Study Title:

Comparison of the Anti-inflammatory Effects of Proanthocyanidin, Quercetin, and Damnacanthal on Benz

Study Abstract

Phytochemical compounds are emerging as a new group of anti-inflammatory, antioxidant, and anti-cancer agents that help minimize toxicity in patients with pulmonary diseases. The goal of this study was to investigate the potential curative effects of Quercetin (QC), Damnacanthal (DAM), and Proanthocyanidine (PA) on inflammatory mediators and oxidative stress parameters and to examine the viability of the A549 cell line treated with benzo(a)pyrene (BaP) in vitro. The A549 cell line was treated with BaP, a BaP/QC combination, a BaP/DAM combination, and BaP/PA combination. Inflammatory markers, oxidative stress parameters, mRNA expression levels of apoptotic and antiapoptotic proteins, and cell viability were assessed, and the results were compared. There were higher levels of lactate dehydrogenase after BaP treatment of A549 cell lines. Interferon-γ level significantly decreased in the QC, DAM, and PA-treated group (P < 0.001). IL-1β and TNF-α levels significantly decreased after PA and QC treatments (P < 0.001). Some of the oxidative stress markers (NO, MDA, TOS) and OSI decreased, while antioxidant (GSH) levels increased after treatment with QC, DAM, and PA. The QC and DAM treatments profoundly upregulated apoptotic gene expression and downregulated antiapoptotic gene expression. Viability of QC, DAM, and PA-treated cells was found to be significantly higher in comparison to the control and BaP-treated groups (p < 0.001). Our results revealed that A549 cell lines treated with BaP-stimulated necrosis produced higher level of inflammatory cytokines and oxidative stress parameters. Treatments with PA, QC, and DAM reduced inflammatory response induced by BaP exposure.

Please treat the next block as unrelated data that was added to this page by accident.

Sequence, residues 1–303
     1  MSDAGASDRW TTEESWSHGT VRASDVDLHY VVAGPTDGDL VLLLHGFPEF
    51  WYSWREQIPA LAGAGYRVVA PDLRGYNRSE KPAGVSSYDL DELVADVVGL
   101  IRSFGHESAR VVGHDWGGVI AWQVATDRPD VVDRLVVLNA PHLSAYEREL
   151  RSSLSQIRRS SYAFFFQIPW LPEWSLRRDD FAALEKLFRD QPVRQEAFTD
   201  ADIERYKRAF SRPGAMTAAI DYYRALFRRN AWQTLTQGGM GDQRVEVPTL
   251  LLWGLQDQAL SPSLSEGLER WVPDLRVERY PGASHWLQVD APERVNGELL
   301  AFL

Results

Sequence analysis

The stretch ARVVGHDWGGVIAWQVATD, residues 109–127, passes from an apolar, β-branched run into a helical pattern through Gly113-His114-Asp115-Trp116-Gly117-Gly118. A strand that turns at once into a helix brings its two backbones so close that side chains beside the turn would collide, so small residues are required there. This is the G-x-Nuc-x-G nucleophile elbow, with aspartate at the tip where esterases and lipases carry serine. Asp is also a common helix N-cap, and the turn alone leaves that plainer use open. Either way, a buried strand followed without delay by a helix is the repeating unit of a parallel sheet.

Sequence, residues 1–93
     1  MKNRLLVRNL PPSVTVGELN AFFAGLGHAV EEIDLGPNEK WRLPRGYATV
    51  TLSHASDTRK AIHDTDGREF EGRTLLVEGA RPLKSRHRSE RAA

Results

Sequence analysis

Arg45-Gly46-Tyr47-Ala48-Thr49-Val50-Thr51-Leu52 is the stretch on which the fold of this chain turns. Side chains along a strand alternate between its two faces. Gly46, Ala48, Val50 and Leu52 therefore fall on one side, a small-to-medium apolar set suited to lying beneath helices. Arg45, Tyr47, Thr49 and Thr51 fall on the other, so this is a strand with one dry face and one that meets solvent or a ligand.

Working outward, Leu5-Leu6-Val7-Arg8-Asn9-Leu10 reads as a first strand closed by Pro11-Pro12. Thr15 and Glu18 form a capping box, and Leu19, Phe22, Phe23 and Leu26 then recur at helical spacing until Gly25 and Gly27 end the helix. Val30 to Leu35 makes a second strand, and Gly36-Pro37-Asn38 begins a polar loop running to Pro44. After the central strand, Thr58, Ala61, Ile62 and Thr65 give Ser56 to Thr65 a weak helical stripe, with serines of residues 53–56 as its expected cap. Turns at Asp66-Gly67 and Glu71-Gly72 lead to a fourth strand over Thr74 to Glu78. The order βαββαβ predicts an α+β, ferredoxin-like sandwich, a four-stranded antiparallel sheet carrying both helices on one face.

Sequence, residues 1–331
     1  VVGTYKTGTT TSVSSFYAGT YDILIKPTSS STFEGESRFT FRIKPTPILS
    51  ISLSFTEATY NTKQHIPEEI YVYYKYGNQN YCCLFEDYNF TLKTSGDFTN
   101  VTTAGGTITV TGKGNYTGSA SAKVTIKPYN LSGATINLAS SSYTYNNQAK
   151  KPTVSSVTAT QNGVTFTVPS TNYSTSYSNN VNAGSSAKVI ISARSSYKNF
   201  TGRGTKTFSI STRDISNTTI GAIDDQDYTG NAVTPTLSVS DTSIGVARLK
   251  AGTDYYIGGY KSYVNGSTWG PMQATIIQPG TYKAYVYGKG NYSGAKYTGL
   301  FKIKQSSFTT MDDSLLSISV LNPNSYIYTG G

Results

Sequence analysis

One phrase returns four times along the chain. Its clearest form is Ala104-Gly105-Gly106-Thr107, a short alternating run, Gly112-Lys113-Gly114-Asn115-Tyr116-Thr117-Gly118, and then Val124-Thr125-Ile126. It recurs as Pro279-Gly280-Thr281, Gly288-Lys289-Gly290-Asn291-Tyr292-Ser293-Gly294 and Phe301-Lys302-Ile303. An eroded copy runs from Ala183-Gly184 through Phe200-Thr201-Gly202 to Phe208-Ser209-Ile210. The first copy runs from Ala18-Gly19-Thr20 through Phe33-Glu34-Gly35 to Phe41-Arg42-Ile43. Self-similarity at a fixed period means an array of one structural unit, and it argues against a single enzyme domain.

KEYWORDS:

COPD; antioxidants; cell culture; inflammation; oxidative stress

Study Information


Comparison of the Anti-inflammatory Effects of Proanthocyanidin, Quercetin, and Damnacanthal on Benzo(a)pyrene Exposed A549 Alveolar Cell Line.
Inflammation.
2016 April

Full Study

http://www.ncbi.nlm.nih.gov/pubmed/26747272